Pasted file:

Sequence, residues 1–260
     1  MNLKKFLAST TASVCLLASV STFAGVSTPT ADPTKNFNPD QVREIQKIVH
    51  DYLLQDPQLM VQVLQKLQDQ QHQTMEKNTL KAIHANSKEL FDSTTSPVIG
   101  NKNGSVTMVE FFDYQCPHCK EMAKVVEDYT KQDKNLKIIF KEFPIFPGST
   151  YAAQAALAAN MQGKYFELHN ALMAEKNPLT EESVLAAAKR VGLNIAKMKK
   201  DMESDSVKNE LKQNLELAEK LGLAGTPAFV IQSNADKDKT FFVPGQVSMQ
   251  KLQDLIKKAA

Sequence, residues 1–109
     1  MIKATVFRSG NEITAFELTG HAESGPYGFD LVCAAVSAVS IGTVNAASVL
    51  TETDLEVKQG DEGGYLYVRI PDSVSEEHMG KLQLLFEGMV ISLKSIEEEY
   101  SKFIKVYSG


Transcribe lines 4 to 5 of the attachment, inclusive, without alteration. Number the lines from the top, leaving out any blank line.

   101  NKNGSVTMVE FFDYQCPHCK EMAKVVEDYT KQDKNLKIIF KEFPIFPGST
   151  YAAQAALAAN MQGKYFELHN ALMAEKNPLT EESVLAAAKR VGLNIAKMKK